Designing A Book Cover 101

When you first start with graphic design, book cover designs can seem like a tall order and a bit intimidating to anyone. They come with details and are a defining moment for any graphic designer that is trusted to design a cover for an author’s work. A great book cover is critical to an author’s work being taken seriously and being read. Authors trust graphic designers (and yes, specifically you) with the job of creating a book cover that will give readers a glimpse into their work and grab their attention.

A book cover plays a significant part in whether or not a book sells and as a graphic designer tackling that task can seem beyond intimidating. Books that have eye-catching book covers and grab a person’s eye are far more apt to be read and picked up than those with boring and plain covers. If your hands are shaking at the thought of attempting to design a book cover, we’ve got a thorough how-to for you below!

Seek Inspiration

The first step to designing a book cover and designing anything is to find inspiration for your job. This is an important step and one that you want to make sure you do correctly. Although it’s certainly okay to seek inspiration from the general library of books, you want to mainly focus on the books in the specific category that the book is for. This will give you a stronger idea of what the target audience is like and what direction the book cover needs to go in. Keep browsing through similar book covers to the one that you’ll be designing until you feel confident that you have a strong sense of what needs to be done.

Screenshot Amazon Books
Secrets, and the Unbreakable Bond of Sisterhood
by Gregg Olsen

Consider The Mood Of The Book

It’s important to remember that the book cover design directly reflects the book and what’s inside. This is why it’s crucial that you know the book and the mood of it so that you can property reflect that with what you design. The book cover has to support the theme of the book and what’s inside. First, make sure that you know what’s inside the book and have a good idea of the mood and theme of it is. If it’s serious, then the book should have a relatively serious cover while if it’s funny it should have a funny cover and so on. Know the book’s main themes and keep those in mind as you design the cover.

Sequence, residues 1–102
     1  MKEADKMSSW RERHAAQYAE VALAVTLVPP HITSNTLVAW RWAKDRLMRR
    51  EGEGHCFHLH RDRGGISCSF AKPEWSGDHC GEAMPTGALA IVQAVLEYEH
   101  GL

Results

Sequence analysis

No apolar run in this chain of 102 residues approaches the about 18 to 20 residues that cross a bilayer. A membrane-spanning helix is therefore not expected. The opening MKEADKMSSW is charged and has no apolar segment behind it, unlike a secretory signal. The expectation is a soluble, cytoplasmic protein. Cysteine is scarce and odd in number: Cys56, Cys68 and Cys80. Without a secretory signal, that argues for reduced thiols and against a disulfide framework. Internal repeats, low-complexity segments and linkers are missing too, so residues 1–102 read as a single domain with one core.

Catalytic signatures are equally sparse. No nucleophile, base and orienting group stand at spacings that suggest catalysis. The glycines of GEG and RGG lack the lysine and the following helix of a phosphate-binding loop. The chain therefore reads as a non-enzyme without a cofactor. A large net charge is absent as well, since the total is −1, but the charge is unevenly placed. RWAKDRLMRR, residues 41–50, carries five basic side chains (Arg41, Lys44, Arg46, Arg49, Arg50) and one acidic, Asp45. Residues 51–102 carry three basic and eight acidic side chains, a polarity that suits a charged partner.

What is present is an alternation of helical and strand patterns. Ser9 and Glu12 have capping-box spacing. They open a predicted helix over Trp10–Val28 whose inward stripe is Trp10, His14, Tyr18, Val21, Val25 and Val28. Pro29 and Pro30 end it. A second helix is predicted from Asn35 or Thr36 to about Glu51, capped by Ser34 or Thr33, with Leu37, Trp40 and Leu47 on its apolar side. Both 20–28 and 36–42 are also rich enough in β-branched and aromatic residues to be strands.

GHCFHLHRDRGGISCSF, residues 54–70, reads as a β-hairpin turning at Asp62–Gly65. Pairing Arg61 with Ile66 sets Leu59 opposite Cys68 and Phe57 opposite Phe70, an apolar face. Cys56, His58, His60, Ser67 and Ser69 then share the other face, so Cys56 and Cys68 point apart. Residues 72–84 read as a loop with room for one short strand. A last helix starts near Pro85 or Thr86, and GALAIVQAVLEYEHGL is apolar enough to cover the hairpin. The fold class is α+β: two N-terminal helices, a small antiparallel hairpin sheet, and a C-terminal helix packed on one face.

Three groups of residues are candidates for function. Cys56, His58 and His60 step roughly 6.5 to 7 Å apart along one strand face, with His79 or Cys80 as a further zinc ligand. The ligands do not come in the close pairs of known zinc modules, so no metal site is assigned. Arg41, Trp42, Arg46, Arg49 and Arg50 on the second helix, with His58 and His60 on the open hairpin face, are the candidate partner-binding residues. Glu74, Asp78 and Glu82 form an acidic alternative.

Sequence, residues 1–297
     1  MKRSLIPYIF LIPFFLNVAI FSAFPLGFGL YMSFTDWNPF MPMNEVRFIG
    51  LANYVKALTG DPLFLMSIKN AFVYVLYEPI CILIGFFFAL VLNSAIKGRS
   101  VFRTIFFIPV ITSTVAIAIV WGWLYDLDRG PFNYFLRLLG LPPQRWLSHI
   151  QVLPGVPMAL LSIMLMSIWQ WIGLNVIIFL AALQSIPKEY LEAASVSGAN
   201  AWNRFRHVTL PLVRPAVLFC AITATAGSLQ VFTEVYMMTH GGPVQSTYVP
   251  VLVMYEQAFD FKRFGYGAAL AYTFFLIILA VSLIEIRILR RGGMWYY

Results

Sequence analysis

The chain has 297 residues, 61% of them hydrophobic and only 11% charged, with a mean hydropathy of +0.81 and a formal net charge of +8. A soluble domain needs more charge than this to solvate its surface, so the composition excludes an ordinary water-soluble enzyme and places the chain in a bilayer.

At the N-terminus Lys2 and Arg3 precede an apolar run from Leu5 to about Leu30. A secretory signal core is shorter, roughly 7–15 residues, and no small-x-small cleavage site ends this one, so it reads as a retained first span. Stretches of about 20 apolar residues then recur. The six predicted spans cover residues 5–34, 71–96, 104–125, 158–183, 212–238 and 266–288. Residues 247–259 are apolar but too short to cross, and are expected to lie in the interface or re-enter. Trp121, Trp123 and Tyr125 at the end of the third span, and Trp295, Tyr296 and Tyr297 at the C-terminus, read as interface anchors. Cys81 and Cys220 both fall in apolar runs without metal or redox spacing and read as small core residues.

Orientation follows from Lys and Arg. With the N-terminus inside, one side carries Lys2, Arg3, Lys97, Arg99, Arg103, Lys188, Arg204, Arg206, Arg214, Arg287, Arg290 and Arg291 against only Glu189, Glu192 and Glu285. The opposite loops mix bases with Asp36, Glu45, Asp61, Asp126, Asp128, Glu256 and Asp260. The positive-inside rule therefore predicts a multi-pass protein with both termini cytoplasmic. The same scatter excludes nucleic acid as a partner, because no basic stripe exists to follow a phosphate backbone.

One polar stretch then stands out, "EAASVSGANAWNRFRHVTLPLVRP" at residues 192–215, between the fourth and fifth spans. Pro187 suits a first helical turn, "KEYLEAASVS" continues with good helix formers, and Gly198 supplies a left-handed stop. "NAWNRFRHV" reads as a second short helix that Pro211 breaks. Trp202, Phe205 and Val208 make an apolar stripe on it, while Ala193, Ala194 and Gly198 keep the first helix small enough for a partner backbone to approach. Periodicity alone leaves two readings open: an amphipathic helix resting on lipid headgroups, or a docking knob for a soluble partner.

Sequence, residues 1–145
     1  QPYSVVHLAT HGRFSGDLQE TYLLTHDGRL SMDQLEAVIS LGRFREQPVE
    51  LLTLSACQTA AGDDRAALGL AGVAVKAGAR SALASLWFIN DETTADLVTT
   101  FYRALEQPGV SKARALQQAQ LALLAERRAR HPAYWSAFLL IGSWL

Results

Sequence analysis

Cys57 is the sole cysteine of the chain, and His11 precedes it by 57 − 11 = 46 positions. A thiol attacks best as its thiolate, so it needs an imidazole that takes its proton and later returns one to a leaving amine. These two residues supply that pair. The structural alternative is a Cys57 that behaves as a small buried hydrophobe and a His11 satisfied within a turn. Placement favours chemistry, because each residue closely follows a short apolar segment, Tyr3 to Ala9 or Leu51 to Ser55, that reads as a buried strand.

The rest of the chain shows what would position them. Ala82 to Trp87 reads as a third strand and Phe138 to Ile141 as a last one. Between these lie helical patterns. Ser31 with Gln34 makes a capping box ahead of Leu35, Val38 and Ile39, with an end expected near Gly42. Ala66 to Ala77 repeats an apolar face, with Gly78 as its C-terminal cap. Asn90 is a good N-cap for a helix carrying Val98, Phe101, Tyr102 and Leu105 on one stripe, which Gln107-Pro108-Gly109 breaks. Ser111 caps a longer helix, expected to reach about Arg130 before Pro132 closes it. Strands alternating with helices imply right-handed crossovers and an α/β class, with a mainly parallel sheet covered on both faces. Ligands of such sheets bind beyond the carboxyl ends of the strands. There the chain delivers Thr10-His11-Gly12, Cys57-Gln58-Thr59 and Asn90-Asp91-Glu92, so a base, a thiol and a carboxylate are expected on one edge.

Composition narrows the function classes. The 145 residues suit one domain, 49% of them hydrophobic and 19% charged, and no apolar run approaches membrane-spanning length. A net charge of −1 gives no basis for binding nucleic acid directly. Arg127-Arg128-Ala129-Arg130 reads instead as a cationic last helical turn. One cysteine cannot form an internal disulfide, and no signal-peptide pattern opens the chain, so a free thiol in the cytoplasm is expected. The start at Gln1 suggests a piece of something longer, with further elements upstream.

Signature in the Cell: DNA and the Evidence for Intelligent Design
by Stephen C. Meyer

Take Out All The Clutter

The third step is to make sure that you remove all the clutter from the final design. Book covers that are too busy and have too much on them don’t look good when they’re scaled down to smaller sizes, which they usually are when they’re shown online. If the book covers appear cluttered and too full then you’ll turn away potential readers. Choose one main point that you want to have the focus on for your book cover and put all the attention there. You can include other smaller elements once you have that main point, but it must be the largest.

Breakfast with Buddha
by Roland Merullo

Choose A Font and Colors

This is where things start to get fun and you can start letting your creativity take over. Now that you have the base for the design and the idea picked out, it’s time to pick out two of the most important aspects of your book cover design; the font and color choices. Choosing the typeface is difficult. It needs to look good on larger scales, but it also needs to look good on thumbnails. Try to stick to fonts that aren’t too detailed or curvy, instead keep it simple.

And make sure that you try it out on both small sizes and larger sizes so that you’ll know how it’ll look in advance. As for colors, just choose a color palette that is appropriate to the book and displays what it does well. Make sure that the color choices go along with the genre of the book and reflect what it is. The biggest mistake you can make is to nail all other aspects of your book covers but then choose colors that completely miss the mark with the book and are the opposite of the subject of the book.

The Back and Spine

The front of the cover may get all the attention, but that doesn’t mean that other areas of the cover aren’t equally important. You don’t want to forget to pay attention to both the spine and the back of the book and give them the proper time that they need. Remember that on bookshelves, the spine is what’s displayed. Although the back is typically used for reviews, a summary of the story, or about the author, you want to make sure it looks equally as good as the front.

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